The Radio Praha version of this story includes content which brings it within our purview (sort of ... maybe a bit late):

2005 seems to be a remarkably lucky year for Czech archaeologists. After several discoveries in Prague, including the original burial chamber of Emperor Charles IV, and a thousand-year-old bronze hoard of treasure uncovered two weeks ago in the town of Mlada Boleslav, archaeologists have unearthed another precious artefact just outside Prague. It is a small statue believed to depict the ancient Persian fertility goddess Anahita.
The statuette, which originally served as a seal, is made of white gypsum and portrays a kneeling woman dressed in a green cloak and wearing a gold chain. Also, what you see under her skirt, so to speak, is very explicit. All those features suggest that it is a rendering of the ancient Persian goddess of water and fertility, and patroness of women, Anahita. It is believed to have been made in Iran in the 4th or 5th century A.D. at the time of the Sasanian dynasty. Archaeologist Petr Charvat.
"The object was brought to this country from Iran most probably via the countries around the Black Sea sometime in the 5th century by a high-ranking officer of the Roman or Byzantine army who could have been of Iranian descent."
The seal was unearthed near an ancient burial ground dating back to the period of the movement of nations in the 4th and 5th centuries A.D. Archaeologists are hoping that in the vicinity they might find a rich person's grave from that time. The nearest place where similar finds have been uncovered is neighbouring Germany.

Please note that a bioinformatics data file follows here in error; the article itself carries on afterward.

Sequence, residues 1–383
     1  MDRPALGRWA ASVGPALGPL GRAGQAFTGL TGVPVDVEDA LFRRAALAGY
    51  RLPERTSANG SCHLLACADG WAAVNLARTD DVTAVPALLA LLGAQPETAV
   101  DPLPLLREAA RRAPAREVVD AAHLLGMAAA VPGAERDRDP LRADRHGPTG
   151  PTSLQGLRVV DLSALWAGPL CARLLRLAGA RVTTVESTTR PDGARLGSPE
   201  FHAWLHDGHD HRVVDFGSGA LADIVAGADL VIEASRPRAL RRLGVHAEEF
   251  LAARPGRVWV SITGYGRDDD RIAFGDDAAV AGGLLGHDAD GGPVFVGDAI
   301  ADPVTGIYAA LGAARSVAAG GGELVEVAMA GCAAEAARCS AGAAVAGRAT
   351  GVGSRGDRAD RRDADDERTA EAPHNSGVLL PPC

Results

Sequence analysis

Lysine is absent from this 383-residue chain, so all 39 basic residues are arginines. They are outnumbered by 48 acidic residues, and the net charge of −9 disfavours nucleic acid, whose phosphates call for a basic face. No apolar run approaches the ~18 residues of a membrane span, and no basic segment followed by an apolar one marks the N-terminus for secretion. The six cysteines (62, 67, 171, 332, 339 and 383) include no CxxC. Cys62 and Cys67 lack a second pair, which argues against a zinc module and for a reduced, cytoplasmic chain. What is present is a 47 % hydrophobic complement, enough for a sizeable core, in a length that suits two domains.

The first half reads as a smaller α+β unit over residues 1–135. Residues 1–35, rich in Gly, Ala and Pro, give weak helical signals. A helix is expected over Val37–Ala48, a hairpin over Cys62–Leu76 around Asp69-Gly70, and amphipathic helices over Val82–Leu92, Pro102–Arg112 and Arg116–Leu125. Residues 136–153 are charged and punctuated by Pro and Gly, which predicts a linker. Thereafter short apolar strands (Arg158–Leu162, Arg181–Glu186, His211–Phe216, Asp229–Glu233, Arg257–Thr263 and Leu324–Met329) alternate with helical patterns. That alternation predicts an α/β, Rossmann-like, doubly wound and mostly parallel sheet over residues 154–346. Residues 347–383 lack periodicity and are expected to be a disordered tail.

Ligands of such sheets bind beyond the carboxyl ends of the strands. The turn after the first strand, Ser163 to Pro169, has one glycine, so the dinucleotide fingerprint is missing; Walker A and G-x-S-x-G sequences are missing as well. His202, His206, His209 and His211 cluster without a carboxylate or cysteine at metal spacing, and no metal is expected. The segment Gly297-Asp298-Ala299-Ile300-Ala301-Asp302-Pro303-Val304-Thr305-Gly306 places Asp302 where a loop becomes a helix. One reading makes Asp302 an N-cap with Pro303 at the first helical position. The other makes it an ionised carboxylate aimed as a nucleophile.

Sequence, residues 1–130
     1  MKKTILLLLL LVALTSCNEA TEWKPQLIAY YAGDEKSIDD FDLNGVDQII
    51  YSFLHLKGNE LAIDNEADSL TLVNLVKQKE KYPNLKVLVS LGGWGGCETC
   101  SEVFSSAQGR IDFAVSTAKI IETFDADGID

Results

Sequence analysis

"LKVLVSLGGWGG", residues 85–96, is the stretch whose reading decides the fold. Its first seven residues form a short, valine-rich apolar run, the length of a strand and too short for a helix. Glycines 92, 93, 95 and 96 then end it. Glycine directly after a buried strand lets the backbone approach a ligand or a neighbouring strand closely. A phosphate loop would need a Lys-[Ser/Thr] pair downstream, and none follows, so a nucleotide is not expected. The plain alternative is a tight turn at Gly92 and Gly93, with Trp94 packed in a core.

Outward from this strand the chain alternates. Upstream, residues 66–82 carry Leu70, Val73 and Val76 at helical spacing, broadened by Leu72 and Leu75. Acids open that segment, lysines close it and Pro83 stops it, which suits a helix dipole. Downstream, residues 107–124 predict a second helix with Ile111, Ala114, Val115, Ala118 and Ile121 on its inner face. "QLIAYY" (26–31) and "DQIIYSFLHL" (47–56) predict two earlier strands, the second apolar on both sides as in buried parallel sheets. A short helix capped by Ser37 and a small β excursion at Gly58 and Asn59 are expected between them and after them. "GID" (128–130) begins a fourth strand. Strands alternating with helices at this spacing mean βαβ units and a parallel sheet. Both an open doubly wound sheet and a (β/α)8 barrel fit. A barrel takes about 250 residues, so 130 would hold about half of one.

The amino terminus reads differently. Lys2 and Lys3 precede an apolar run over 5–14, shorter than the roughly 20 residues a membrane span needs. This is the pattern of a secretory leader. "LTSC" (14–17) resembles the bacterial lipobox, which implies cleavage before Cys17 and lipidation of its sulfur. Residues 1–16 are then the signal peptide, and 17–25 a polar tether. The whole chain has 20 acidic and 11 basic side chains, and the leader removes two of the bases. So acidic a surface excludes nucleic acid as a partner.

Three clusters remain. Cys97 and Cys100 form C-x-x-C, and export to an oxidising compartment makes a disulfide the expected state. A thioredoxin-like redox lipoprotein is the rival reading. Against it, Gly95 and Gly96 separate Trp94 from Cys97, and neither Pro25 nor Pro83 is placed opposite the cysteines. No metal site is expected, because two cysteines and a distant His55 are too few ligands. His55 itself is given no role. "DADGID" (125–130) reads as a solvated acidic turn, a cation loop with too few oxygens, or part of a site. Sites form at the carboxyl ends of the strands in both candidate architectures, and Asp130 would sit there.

"It is a piece of evidence proving there was a cultural interchange, as some previous finds had suggested. It is another argument for the hypothesis about the arrival of Slavic tribes in the Czech lands. So far one hypothesis says they came from the Northeast and the other suggests the Southeast. This find suggests that the Slavs came from the Southeast and their arrival had been preceded by some influences and contacts with those regions."
Many archaeological finds in Europe date back to the period of the great migration in the 4th and 5th centuries. They include weapons, jewellery and harnesses and also pieces of soldiers' equipment. Similar artefacts have been found all around Europe, from the Caucasus to the Atlantic.

... and in case you weren't aware, Sally Winchester and I moderate a scholarly list called Anahita (originally started by Ross Scaife)... here's the official description:

ANAHITA-L is a scholarly list for the discussion of women and gender in the ancient Mediterranean world. Discussion topics include: women's work, legal status, social roles -- both public and private, intellectual life, religious activities, and men's views on women. The discussions should be based upon historical, archaeological, linguistic, literary and other evidence from the ancient world and the various interpretations of this evidence. There are many interpretations of the source material and we encourage a variety of approaches, including controversial authors such as Stone and Gimbutas. These latter authors may be discussed critically but they are not to be taken as the 'final word' on any topic. Some familiarity with original source material is expected.

It's been quiet of late ... it would be nice to see some more Classics-oriented discussions there. Check it out!